film / tv / substack / social media / lists / web / celeb / pajiba love / misc / about / cbr
film / tv / substack / web / celeb


I Saw the Devil Review: I Can't Stand It, I Know You Planned It, I'mma Set It Straight

By Brian Prisco | Film | March 4, 2011 |

By Brian Prisco | Film | March 4, 2011 |

In Kim Ji-Woon’s I Saw The Devil, revenge isn’t just a dish best served cold. It’s served cold, reheated in the microwave, picked at, reheated again, then thrown in the garbage and fed to dogs. It’s an unbelievably brutal revenge flick. A secret service agent’s wife-to-be is murdered by a serial killer, and the agent goes fucking insane. He tracks down the suspect, figures out who it is, and then inserts a tracking device into his stomach. And then he proceeds to hunt the maniac down every time he considers satiating his maniac lust and brutally beats and wounds him. It’s a “look long into the abyss” film, where the hero becomes the monster and the result is two remarkable performances by the leads Byung-hun Lee and Min-sik Choi. The violence is unsettling and gruesome, justifiable only barely because the villain is such a fucking monster we want to see him punished. This is not a film for the squeamish, and there will be some who want to flout this as “torture-porn,” if only because the torturer — and it’s torture, make no qualms about that — takes so much pleasure in spidering his fly, but that would to deny the outstanding final project. I fear for the inevitable American remake.

A snowy road. A woman is sitting in her van, waiting for the tow truck to arrive, when a helpful stranger shows up. She gentle denies him, sends him on his way. And then he accosts her in a brutal fashion, drags her off to his cavernous lair, and cuts her to pieces. His mistake? She was the love of Soo-hyeon (Byung-hun Lee, Storm Shadow from GI Joe: The Rise of Cobra), a secret service type who immediately takes a leave of absence to track the killer. The girl’s father, a retired chief of police, gives him the four suspects files. Soo-hyeon finds every single one of the suspects and beats the everloving fuck out of them. When he finally locks on to the actual killer — a school bus driver and complete fucking psychotic named Kyung-Chul (Min-sik Choi, Dae-su Oh from Oldboy). He catches him in the middle of a rape, and beats him in the head with a rock. The film’s barely been on for a half-hour, so already we’re dealing with something different. Instead, Soo-hyeon jams a GPS tracking device/microphone in Kyung-Chul’s mouth and forces him to swallow it. He shatters his hand with a rock and leaves him in a parking lot.

This is where the film makes Taken look like Strawberry fucking Shortcake. Kyung-Chul goes Oldboy again, wandering around trying to figure out what in the fuck happened, while Soo-hyeon pursues him, listening in on his every insane move. If Kyung-Chul steps out of line, Soo-hyeon appears like an avenging angel, brutally beats him further, and then leaves him with another crippling injury. He beats him within an inch of his life and then disappears into the night. It’s fascinating and horrifying.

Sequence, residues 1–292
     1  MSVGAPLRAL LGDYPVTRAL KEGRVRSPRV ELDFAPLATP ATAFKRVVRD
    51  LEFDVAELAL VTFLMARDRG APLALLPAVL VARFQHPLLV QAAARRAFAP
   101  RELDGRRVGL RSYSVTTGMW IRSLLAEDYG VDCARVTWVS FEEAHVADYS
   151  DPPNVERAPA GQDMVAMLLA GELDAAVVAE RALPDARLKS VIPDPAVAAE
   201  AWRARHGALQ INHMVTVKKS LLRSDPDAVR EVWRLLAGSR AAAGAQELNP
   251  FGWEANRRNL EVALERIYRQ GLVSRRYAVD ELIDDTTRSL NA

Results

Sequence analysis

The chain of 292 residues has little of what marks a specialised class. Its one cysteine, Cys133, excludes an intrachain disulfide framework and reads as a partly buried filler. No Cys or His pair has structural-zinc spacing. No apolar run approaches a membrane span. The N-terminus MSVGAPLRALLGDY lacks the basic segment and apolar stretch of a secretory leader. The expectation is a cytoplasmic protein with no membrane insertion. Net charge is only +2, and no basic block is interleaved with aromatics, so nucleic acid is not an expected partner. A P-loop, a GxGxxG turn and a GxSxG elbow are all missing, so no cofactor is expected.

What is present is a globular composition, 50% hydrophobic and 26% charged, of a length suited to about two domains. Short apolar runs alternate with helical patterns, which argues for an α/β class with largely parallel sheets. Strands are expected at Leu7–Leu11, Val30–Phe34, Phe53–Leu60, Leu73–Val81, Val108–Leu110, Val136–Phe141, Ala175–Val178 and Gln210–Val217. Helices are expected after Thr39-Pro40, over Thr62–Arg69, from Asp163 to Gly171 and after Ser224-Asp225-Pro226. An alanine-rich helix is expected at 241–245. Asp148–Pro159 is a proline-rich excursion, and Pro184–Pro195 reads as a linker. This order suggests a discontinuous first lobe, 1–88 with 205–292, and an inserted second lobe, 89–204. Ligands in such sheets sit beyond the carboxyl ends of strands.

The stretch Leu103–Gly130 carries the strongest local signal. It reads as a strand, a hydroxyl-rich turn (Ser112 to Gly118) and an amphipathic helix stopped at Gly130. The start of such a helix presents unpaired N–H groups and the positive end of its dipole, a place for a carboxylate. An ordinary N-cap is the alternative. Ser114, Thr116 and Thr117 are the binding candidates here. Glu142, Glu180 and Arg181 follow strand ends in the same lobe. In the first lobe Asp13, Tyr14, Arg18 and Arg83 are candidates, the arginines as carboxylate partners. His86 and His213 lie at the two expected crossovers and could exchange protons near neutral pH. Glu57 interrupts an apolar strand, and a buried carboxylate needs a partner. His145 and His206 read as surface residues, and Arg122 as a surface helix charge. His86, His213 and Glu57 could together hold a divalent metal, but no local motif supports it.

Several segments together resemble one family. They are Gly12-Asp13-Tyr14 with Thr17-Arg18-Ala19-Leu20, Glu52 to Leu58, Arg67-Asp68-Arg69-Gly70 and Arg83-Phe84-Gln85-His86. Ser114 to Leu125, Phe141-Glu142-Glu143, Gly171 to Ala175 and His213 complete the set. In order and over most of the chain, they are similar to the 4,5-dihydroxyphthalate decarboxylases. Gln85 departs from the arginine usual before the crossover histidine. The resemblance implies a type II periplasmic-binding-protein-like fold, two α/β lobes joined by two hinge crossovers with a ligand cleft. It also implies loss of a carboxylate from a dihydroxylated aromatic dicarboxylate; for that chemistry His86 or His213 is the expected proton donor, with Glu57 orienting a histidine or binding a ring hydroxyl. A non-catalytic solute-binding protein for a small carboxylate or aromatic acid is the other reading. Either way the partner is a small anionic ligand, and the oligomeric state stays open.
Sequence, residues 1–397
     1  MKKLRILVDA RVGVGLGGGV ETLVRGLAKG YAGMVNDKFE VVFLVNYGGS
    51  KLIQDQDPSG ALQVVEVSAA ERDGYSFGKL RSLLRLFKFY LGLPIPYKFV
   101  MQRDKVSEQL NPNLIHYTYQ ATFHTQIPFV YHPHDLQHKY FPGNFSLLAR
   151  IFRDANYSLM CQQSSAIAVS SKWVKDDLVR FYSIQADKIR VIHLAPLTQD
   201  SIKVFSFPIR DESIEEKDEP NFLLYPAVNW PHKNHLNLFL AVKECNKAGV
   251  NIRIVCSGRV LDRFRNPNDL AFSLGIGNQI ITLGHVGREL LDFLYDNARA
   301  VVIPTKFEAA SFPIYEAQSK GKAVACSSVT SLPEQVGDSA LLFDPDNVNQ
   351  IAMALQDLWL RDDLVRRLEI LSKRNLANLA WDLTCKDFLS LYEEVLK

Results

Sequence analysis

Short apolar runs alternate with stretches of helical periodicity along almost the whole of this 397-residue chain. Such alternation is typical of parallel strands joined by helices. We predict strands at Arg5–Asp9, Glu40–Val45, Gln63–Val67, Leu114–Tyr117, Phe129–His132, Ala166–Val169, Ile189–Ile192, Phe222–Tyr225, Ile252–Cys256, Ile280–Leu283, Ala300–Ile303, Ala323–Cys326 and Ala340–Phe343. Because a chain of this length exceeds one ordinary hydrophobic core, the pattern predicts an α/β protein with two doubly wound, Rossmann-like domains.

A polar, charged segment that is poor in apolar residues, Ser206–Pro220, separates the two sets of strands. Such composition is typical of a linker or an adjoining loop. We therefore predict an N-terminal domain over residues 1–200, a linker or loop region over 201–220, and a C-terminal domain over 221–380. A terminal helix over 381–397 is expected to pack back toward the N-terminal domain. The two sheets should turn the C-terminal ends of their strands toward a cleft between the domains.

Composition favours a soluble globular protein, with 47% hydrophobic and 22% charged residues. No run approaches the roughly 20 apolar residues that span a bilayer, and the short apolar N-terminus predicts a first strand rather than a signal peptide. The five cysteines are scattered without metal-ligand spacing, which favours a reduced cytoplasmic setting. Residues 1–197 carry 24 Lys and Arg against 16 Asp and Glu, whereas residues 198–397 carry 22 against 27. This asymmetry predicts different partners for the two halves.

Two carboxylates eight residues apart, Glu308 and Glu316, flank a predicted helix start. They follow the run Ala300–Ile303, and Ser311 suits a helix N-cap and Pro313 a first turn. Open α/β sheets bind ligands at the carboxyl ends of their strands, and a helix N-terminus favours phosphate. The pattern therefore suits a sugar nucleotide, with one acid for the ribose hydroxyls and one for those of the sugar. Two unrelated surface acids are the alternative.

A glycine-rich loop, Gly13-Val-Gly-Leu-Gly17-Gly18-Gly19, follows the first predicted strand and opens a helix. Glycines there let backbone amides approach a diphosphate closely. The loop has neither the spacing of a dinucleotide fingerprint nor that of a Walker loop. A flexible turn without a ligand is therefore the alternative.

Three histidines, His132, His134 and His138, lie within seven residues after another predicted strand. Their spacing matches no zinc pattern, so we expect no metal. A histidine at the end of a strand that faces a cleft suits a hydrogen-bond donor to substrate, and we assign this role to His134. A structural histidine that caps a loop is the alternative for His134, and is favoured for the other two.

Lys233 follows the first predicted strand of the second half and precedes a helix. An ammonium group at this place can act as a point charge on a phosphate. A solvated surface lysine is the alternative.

Byung-hun Lee is outstanding as the cold-hearted stone-faced secret agent stalking his prey. He becomes the Terminator, seeking vengeance and seemingly unfazed by the horrors that he is inflicting on this ghoul. But he does break down, and watching him melt is just as captivating. But the real kudos have to go to Min-sik Choi. His killer is complete maniac. Mickey and Mallory belong in the fucking “Disney Hour” compared to this dude. He’s totally unbalanced, reveling in the sheer delight of hacking and slicing his victims. You can actually see the power and madness in his eyes. Fans of Oldboy will remember the barking mad ending to that film. Well, take that part and stretch it out over an entire 2 1/2 hour film. It’s mostly why I fear remake, because any actor seeing that performance will want a chance to replicate it for American audiences. It’s why you want to always play villains.

Kim Ji-woon continues both his tradition of outstanding horror and visual acumen. He was the originator of A Tale of Two Sisters and more recently, the outstanding The Good, The Bad, and the Weird. There’s a moment in the film that left me marveling. Kyung-Chul has just unwittingly gotten into a cab with two thieves. He pulls his knife, as the two begin to edge towards him — the driver and the passenger in the back seat. The camera whirls around the exterior of the car as Kyung-Chul begins to repeatedly stab the shit out of them, blood spritzing in arterial jets from the wounds as he first cuts into one and then the other and then back to the first. You don’t realize the beauty of the shot, like Children of Men when you realize the one crazy sequence was all one extended shot. It’s moments like that that make you aware of the talent and creativity of Kim Ji-woon.

It’s not a film for everyone, and I would almost lump it in with horror if I had to cage it with genre. I Saw The Devil goes some truly dark fucking places. When you discover what Kyung-Chul’s been doing with his kills, your jaw will drop. It’s like escaping from the Hostel in the middle of Eurodisney; it’s that much of a mindfuck. As I’ve been saying, Korean filmmaking is truly reached a level of horror and brutality that should make American filmmakers ashamed. The bar has been set well above their frenetic cut summer-shitfests. If they’re able to do this, there’s no excuses for why we can’t expect more from our studios.